Code-Breaking at Bletchley Park: A Belated Addition to Cultural Memory of the Second World War

By Dr Victoria Stewart, Reader in Modern and Contemporary Literature in the School of English.

‘The geese that laid the golden eggs and never cackled’: this, famously, was how Winston Churchill described the men and women who worked to break Nazi Germany’s military codes during the Second World War. Their efforts, centred on Bletchley Park in Buckinghamshire, were wreathed in secrecy during the war and for many years afterwards. The belief that the methods and technology employed by code-breakers might need to be reused in the postwar period meant that the tight security that had been imposed during the conflict remained in place until the 1970s. Other wartime secrets, such as the work carried out in occupied Europe by the Special Operations Executive, or the daring escapes made from prisoner-of-war camps on the continent, became the focus of popular historical works, novels, and films, but those who worked at Bletchley were forbidden, even after the war, to discuss their work.  It was only in the 1980s that creative writers began to grapple concertedly with this hitherto little-known aspect of the war effort.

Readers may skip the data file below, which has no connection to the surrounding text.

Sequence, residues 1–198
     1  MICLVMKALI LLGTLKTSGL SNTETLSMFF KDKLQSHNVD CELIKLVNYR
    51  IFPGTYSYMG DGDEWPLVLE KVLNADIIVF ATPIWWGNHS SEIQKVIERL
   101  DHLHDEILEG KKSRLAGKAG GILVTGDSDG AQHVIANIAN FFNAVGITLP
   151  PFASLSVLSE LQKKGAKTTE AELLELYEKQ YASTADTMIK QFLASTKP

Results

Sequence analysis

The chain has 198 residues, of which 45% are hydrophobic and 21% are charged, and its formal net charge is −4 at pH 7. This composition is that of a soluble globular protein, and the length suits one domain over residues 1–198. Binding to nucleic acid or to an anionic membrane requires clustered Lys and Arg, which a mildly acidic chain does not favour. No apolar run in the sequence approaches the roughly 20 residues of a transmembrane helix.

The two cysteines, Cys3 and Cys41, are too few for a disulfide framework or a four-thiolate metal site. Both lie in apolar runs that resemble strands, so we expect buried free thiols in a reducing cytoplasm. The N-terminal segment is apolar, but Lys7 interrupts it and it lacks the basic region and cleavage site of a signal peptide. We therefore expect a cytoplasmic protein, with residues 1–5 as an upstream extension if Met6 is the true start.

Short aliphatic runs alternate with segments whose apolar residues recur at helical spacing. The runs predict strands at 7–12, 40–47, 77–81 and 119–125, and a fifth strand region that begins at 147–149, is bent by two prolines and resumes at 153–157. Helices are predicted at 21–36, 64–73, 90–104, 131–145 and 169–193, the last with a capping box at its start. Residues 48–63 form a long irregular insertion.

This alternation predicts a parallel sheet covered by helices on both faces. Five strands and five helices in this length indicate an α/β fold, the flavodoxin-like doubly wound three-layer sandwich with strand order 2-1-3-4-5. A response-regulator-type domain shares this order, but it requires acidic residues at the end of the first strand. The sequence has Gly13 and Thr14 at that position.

The groundwork was laid by historians including F. W. Winterbotham, whose book The Ultra Secret (1974) was the first history in English of code-breaking and drew in part on the author’s own experience of working at Bletchley. In 1978, the Home Secretary, David Owen, announced in a House of Commons statement that men and women who had worked at Bletchley would no longer be obliged not to speak about their work, although there were still to be restrictions on describing in detail some of the methods and machinery that had been employed. Given this trajectory of revelation, it is perhaps surprising to find references, albeit passing ones, to Bletchley Park in two Second World War-based television dramas from the 1970s, the BBC’s Colditz, broadcast in 1972-3, and Euston Television’s Danger UXB (1979). Evidently, the secret was sufficiently widely discussed by this point for the writers of these popular dramas to presume a degree of knowledge on the part of viewers, even if this was only of the most basic kind.